By: Adam Young, Associate Survey and Symposium Editor
We, as a society, have entered into an era in which electronic communications has become the preferred way of communicating with friends, co-workers and loved ones. A recent study has shown that Americans spend over 20% of their online time on social networking sites alone. Although the majority of social networking sites originated as those where you could find friends, they have exploded into increasingly complex sites. Most social networking sites, today, allow users to upload photographs and videos, post status updates, comment on friends’ posts, play games, send messages to other users and even tag themselves at specific places where they have been. As these sites have become more popular, the number of users and the amount of content shared has increased significantly. For example, Facebook has one billion active users as of October 2012. 604 million of those monthly users use Facebook mobile products, making social networking even more convenient for, and pervasive in, people’s lives. 
As technology advances over time, it forces all professional fields, specifically that of the law, to keep up with it. One way in which the law is struggling to understand the changes in technology is the discoverability of social media files. As Americans share more personal information on social networking sites, lawyers are increasingly turning to these social networks as resources when confronted with litigation. Social media are not just limited to certain types of litigation – they can be found in various litigated issues.
Social media differ from other media outlets and websites that one might mistake them for being. Unlike traditional media outlets like newspapers, television, or books, social media’s distinctive characteristic is ease of access. While it takes significant effort to publish a magazine or broadcast a television program, social media allow users to publish content for wide distribution at little to no cost. Additionally, social media are different from typical websites. Unlike a website that can be accessed simply by entering a URL, the information on social networks is not always public because users have power to control access to the content that they publish. This notion of privacy is not only present in the mind of a social media user. The companies that own social networking sites are concerned about the privacy of the user as well, which creates the problems lawyers face in the discovery process of social media files. Many social media providers, as well as other holders of electronic communications, refuse to produce the content of electronic communications of their users based upon the SCA.
The SCA was enacted as Title II of the Electronic Communications Privacy Act (“ECPA”). Part of the reason why the act was adopted was to address privacy concerns created by the rise of new technologies that the Fourth Amendment might not be able to adequately address. In passing the SCA, Congress hoped to “protect privacy interests in personal and proprietary information” that may be stored online. At the time in which the SCA was passed, internet users were very limited to what they could do. Therefore, the language of the SCA does not take into account advanced technology due to the very limited version of the internet that existed in 1986. Since there have been no updates to this piece of legislation, courts have struggled on how to apply it as the internet continues to grow.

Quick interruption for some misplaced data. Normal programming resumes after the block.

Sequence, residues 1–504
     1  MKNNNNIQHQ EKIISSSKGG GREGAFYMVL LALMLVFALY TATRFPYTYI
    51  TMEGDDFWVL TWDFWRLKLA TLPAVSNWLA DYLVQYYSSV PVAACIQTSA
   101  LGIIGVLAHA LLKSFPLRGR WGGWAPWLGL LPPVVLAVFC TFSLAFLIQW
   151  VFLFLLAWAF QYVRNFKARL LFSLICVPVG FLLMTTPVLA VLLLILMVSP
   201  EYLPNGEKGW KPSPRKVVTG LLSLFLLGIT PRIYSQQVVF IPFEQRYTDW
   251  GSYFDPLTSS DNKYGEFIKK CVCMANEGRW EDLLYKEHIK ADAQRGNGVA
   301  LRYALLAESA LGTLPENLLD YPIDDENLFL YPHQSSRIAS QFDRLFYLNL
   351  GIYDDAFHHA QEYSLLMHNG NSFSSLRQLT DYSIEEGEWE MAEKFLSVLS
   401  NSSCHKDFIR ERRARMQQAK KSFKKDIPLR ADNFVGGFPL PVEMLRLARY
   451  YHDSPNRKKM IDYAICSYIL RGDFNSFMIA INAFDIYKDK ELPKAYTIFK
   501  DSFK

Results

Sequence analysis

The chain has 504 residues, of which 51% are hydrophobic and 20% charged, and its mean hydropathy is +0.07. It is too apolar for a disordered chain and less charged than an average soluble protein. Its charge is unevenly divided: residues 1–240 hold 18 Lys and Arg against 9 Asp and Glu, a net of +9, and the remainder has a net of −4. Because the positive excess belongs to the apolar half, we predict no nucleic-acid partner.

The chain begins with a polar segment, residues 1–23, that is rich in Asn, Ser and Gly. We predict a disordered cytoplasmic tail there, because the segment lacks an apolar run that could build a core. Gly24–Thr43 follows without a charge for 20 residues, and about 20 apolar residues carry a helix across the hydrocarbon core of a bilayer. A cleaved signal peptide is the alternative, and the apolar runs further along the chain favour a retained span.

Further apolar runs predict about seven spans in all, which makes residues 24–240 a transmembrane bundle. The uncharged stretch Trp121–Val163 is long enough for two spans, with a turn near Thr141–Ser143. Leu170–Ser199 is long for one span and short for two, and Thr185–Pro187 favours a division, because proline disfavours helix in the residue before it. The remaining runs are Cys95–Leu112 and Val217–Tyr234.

There is a mixture of cases supporting the protection of social media sites under the SCA and those that choose to ignore the SCA completely. The prominent case that supports protection under the SCA comes from the U.S. District Court for the Central District of California. The Crispin court walked through the language of the SCA and considered what could be protected (putting emphasis on security settings) with regards to each aspect of social media information that was to be discovered (wall posts, private messages, etc.) The other line cases, that disregard the SCA, allow overbroad discovery requests and subsequently fail to explain why the SCA does not protect any of the information contained in the requests.
With some viewing the currently unrevised SCA as falling into antiquity, many questions remain as to how to apply it to cases involving technologically advanced companies. Social networking sites present one of the largest challenges for courts to tackle when it comes to apply the SCA. Because social media providers continue to raise the SCA as a defense to third party subpoenas, courts cannot ignore the SCA forever. In coming years, many courts will have to address whether the SCA actually offers protection to social media providers from third party subpoenas.
 What Americans Do Online: Social Media and Games Dominate Activity, Neilson Wire (Aug. 2, 2010), http://blog.nielsen.com/nielsenwire/online_ mobile/what-americans-do-online-social-media-and-games-dominate-activity.
 Statistics, Facebook, http://www.facebook.com/press/info.php? statistics (last visited Jan. 20, 2013).
 Pub. L. No. 99-508, 100 Stat. 1848 (1986).
 S. Rep. No. 99-541, at 3 (1986).
 Crispin v. Christian Audigier, Inc., 717 F. Supp. 2d 965 (C.D. Cal. 2010).